Choosing A New Area Rug Part 3: Picking The Right Material

When buying a new area rug, the first step is always figuring out what size rug you need. But the second step – choosing a material – is every bit as important. And it’s not just an aesthetic choice, either. The material used to make a rug determines how durable it will be, how easy it is to clean, and how it will feel underfoot. Not to mention, it’s a big factor in what you’ll end up paying for the rug, too.


Wool is far and away the most common material used to make area rugs, and has been for centuries. A high quality, well-made wool rug can last for generations. They’re extremely soft, hold dye well, can stand up to heavy foot traffic, won’t crush over time, and develop a beautiful patina with use. You can vacuum, wet clean, or gently spot clean wool rugs, but you shouldn’t toss them in a washing machine. For a deep clean, you’ll need to have them professionally dry cleaned. Wool rugs will shed fuzz while they’re new, but this isn’t cause for concern. The biggest drawback of wool rugs is their price: they’re among the most expensive area rugs out there. That said, because the material is so common, you can find a huge variety of styles at different price points, from expensive hand-woven area rugs to more affordable machine-made rugs.

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Cotton area rugs are also quite common, and are available in a wide variety of colors and styles. Cotton is a more affordable alternative to wool, and the two are sometimes blended. That said, cotton rugs have a homier, more casual appearance. While they’re quite durable and stand up well to heavy traffic, they certainly aren’t heirloom quality pieces and won’t last a lifetime. One of the main appeals of cotton area rugs is that they’re extremely easy to clean; not only do they stand up well to spot cleaning, vacuuming, steam, and wet cleaning, but most of them you can toss right in the washing machine. That makes them a good choice for mess-prone areas like the kitchen.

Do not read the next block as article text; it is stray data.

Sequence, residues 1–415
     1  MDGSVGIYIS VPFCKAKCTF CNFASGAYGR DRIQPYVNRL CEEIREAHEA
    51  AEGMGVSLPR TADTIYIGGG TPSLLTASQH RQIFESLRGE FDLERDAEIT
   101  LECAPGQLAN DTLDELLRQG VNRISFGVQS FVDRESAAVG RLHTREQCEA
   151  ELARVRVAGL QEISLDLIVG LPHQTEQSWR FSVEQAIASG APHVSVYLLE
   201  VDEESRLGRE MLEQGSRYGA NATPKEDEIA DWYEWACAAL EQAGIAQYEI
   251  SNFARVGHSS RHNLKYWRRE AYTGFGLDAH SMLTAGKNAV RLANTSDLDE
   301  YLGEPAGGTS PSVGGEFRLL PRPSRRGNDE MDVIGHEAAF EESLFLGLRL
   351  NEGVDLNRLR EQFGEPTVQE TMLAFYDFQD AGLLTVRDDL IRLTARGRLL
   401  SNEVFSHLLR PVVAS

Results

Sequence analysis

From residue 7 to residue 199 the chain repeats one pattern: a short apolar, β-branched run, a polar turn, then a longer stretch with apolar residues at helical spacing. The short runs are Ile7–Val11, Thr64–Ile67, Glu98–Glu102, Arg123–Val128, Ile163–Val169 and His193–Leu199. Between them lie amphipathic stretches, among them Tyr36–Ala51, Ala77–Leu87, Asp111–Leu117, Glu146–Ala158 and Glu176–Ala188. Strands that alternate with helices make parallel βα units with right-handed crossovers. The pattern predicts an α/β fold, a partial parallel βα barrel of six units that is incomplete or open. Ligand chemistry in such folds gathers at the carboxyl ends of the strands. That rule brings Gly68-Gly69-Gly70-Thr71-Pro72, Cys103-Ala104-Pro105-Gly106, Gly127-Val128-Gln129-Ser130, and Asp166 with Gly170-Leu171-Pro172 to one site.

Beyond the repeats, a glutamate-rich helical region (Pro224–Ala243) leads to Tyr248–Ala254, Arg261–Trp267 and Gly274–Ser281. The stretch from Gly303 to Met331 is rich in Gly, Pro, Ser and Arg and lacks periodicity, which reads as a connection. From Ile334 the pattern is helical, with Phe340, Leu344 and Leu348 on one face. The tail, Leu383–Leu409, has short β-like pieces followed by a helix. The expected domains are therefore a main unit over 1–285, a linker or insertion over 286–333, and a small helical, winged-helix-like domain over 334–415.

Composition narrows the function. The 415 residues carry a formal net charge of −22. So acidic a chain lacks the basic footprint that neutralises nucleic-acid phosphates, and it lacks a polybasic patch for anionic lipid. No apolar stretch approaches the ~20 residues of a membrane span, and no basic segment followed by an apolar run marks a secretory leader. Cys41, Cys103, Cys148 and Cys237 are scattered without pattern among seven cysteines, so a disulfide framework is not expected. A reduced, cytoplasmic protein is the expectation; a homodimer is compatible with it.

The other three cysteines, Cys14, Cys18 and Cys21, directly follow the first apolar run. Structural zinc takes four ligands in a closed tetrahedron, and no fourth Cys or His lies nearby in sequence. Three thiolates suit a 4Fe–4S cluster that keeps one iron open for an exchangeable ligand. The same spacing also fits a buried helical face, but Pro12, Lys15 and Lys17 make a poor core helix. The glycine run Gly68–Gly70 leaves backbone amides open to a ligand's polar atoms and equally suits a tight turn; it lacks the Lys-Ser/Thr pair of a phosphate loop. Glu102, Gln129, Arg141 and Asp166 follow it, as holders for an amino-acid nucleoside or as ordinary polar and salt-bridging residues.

Silk is added to wool to enhance the details create a gorgeous, subtle shimmer (by Echelon Custom Homes)
Adding silk to a wool rug will enhance the details and give the whole rug a gorgeous, subtle shimmer (by Echelon Custom Homes)

Silk rugs are another type of heirloom-quality rug. These include what you probably think of as oriental rugs, but can come in more modern designs as well. Rather than pure silk, silk rugs are actually a combination of silk and wool. But it’s the silk that gives the rugs their distinctive sheen and sleek feel, and brings out the details in the wool design. Unfortunately, silk is a very delicate material; silk rugs should live in low-traffic areas and can be fussy to clean. The rarity of real silk also makes silk rugs quite expensive. But a beautiful hand-woven silk rug is very much an investment piece; each one is one-of-a-kind and will last for many years if properly cared for.

Natural Fibers